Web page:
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Adapt and overcome: Adaptive trial design in research

The pharma industry is slowly starting to embrace adaptive trial design, though not as quickly as once hoped, thanks largely to regulatory uncertainty
Future imperfect

Predictions of an explosion in the use of adaptive trials by the pharmaceutical industry a few years back seem to have been a little premature.

A survey carried out by ISR Reports has found that while many drug companies are anticipating the use of an adaptive trial design in the coming months, almost all of the respondents - a staggering 94 per cent - concluded that the endeavour was either somewhat risky, risky or very risky.

“Momentum is building behind adaptive trials, but not exploding,” commented Andrew Schafer, president of ISR, which recently published a new report on the sector.

The report has been gleaned from a survey of 102 pharmaceutical decision makers who have experience with adaptive design, in other words studies that use accumulating data from the ongoing trial to modify aspects such as sample size, randomisation ratio changes, dosing and/or the number of treatment arms.

Critically, the modifications make use of predetermined decision points - based on statistical methodologies - that ensure the validity and integrity of the trial are not undermined.

Building momentum
Since ISR's last review of the sector in 2010 there has been a “slow build” in the employment of adaptive designs, said Schafer - with most of those polled saying they intended to carry out trials in this category in the next 18 months and 91 per cent indicating the approach is “gaining momentum” within their organisations.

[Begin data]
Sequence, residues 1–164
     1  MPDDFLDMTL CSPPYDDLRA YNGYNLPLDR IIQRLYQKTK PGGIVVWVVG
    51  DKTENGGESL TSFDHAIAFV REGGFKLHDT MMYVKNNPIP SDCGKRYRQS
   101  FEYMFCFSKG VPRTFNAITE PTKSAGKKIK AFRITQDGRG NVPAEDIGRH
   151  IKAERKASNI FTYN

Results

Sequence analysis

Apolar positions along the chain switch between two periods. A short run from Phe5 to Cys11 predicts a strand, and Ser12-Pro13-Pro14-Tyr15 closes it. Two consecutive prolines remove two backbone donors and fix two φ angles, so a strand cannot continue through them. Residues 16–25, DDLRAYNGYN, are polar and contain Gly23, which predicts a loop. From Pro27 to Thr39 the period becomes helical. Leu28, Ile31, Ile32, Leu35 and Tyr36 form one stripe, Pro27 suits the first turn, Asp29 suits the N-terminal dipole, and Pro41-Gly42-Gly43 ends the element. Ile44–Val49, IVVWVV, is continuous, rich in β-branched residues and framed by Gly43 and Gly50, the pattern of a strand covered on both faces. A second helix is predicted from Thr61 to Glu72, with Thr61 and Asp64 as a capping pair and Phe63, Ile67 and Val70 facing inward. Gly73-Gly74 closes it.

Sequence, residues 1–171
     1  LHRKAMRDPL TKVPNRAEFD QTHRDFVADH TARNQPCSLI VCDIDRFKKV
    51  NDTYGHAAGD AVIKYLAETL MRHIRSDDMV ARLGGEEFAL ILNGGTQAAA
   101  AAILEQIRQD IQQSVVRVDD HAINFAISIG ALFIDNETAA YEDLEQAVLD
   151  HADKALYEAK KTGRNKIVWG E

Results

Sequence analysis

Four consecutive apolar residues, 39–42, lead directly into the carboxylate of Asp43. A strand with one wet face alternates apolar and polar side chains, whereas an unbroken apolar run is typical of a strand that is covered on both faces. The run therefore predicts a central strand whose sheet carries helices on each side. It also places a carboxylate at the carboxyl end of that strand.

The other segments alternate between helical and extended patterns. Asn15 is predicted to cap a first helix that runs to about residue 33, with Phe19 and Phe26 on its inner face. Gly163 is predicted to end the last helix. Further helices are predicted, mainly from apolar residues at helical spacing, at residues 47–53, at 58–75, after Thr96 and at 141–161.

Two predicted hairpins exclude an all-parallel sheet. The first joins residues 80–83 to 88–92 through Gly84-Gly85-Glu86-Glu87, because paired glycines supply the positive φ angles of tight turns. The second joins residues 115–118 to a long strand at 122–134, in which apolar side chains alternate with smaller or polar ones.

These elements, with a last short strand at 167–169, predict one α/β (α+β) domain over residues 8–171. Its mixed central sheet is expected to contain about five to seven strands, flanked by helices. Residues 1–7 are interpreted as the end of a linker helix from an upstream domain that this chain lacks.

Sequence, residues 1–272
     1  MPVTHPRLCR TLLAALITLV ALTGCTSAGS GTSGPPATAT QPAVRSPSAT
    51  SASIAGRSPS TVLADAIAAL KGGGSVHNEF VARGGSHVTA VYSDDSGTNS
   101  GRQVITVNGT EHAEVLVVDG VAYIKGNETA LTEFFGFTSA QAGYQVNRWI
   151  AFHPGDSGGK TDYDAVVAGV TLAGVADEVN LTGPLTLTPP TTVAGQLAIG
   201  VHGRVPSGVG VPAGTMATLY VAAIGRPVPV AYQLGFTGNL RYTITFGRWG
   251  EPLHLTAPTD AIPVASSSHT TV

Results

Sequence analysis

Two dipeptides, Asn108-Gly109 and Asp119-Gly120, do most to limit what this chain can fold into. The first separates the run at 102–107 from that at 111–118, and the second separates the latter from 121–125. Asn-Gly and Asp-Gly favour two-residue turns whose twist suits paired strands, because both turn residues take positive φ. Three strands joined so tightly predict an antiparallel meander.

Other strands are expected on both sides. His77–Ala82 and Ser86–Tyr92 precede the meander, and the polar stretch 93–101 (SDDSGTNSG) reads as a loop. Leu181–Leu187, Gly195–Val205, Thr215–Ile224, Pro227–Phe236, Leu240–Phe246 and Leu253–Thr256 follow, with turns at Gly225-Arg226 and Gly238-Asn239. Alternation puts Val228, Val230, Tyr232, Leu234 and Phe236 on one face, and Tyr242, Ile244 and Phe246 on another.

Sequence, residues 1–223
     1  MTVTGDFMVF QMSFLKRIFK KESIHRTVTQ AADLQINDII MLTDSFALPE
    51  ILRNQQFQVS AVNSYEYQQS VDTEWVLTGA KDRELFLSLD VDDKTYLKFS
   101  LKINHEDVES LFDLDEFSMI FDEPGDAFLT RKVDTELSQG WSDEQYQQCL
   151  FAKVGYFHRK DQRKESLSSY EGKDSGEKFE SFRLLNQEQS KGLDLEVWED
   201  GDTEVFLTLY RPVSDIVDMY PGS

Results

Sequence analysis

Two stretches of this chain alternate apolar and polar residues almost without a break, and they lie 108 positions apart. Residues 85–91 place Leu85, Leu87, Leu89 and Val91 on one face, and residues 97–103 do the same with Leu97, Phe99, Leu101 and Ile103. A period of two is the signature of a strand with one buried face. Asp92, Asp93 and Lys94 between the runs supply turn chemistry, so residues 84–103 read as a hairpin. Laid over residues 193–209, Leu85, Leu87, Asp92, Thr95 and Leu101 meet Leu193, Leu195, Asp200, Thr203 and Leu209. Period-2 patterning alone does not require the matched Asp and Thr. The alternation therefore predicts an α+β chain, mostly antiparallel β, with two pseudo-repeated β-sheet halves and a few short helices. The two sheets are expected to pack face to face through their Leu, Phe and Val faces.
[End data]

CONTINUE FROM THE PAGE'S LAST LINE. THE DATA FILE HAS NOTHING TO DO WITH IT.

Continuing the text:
“Respondents indicated their companies are implementing these strategies to reach 'go/no go decisions' faster and hoping that adaptive trials will increase the likelihood of identifying the correct dosage to move forward with into Phase III trials,” said Schafer. “However, we're not seeing rapid acceleration.”

Nevertheless, it has not been the revolution prophesied in some quarters, which is somewhat surprising considering the difficulties facing pharma at the moment - including rising clinical costs and failure rates in late-stage trials - prompting a general 're-evaluation' of the approach to clinical development.

Regulatory hurdles
The reason for the reticence is explored in the survey, with more than half of the respondents (58 per cent) saying that regulatory hurdles are the biggest barrier to adaptive trial adoption. Statistical design and changes to clinical execution standard operating procedures (SOPs) were two further procedural issues affecting uptake, cited by 32 per cent and 10 per cent of respondents, respectively.

One problem seems to be that there is a lack of finalised guidance from regulatory authorities, although this was not explored too deeply in the ISR survey. The US Food and Drug Administration (FDA) published a draft guidance document specifically on adaptive trials in 2010, and followed that up last year with guidance on 'enrichment strategies' for clinical trials - some six years in the making - that also touched on adaptive design.

Meanwhile, the European Medicines Agency (EMA) published a reflection paper on the topic in 2007 and ran workshops in 2007 and 2009, but has not published any updates since that time.

“A lot of the uncertainty seems to lie in what regulators will do when they see the design and the data that comes out of it,” said Schafer.

The reticence is at odds with the theoretical benefits of adaptive designs. The FDA's guidance notes that these should be more efficient and accurate in dose finding, quick to identify drugs with little clinical benefit and could improve the odds of a successful outcome, although it cautions against the introduction of bias.